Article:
Rodents & Bats
Forty percent of animals in the United States are classified as rodents. They are defined by a pair of sharp teeth which must be kept short by continually chewing on wood, seeds, and plants.
In pest control terms, we refer specifically to mice, rats, squirrels, and gophers as the primary rodent pests. These rodents are notorious for destroying a property by gnawing on wood, plants and trees. They also destroy properties with their nesting habits, making their homes in trees and underground. Rodentâ€™s success as a pest is mostly due to their small size, their hardiness, their short breeding cycles, and their capability to eat a very wide variety of foods. Rodents will also eat a wide variety of human food or pet food.
Rodents are active wherever droppings, fresh gnawing and tracks are noticed. Their nests are made from shredded paper or other material and are often found in sheltered locations. Most rodents have an unpleasant, musky odor that identifies their presence. They are excellent climbers and can scale any rough vertical surface. They will also run horizontally along wire cables or ropes and can jump up 13 inches from the floor onto a flat surface. Some rodents, like mice, can slip through a crack as small as 1/8th inch wide.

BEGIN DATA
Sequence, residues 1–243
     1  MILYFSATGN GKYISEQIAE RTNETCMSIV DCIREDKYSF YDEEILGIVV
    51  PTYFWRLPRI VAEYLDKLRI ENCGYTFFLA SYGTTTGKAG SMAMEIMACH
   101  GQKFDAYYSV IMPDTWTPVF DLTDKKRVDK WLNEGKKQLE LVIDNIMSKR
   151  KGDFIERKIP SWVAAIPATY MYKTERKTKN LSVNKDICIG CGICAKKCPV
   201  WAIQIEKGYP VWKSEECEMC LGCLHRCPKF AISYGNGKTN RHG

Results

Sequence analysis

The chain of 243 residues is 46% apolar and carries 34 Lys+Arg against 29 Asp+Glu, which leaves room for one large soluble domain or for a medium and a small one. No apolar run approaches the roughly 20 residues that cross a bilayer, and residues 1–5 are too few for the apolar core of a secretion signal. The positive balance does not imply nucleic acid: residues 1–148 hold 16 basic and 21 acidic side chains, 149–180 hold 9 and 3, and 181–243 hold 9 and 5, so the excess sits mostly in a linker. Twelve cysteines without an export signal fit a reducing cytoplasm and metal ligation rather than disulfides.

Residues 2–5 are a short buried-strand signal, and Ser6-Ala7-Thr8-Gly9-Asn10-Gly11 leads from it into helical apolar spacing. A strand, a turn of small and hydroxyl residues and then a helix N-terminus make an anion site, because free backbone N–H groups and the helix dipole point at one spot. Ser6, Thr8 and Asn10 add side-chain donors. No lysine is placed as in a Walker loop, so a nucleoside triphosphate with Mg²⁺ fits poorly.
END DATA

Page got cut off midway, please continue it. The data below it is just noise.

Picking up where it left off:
Common rodent pests include:
- Brown rat
- Deer mouse
- Eastern gray squirrel
- Ground squirrel
- House mouse
- Norway rat
- Pocket gopher
- Roof rat
- Tree squirrel
Sometimes mistakenly referred to as “flying rodents” or “flying rats”, the forelimbs of the bat are webbed and developed as wings, making them the only mammal; naturally capable of sustaining flight. There are approximately 1,100 bat species worldwide, which represents almost twenty percent of all (classified) mammal species; in the world.
Most bats are nocturnal, and are primarily active at twilight. They occupy the daylight hours grooming, sleeping, and resting, while at night they emerge to hunt; thus avoiding competition with birds. Bats will rarely fly in the rain, as it interferes with their echo location, and makes it difficult to locate food.
Although the eyes of most bat species are small and poorly developed, none of them are blind. To compensate for their poor sight, bats have a hightened sense of smell and hearing. Using their incredible senses, these nocturnal mammals will travel large distances (nearly 800 km), tracking and searching for food.
Found throughout most of the world, bats perform important ecological roles, such as pollinator flowers, distributor of fruit seeds and provider of natural pest control services. In fact, many tropical plant species rely entirely on bats, for the distribution of their seeds.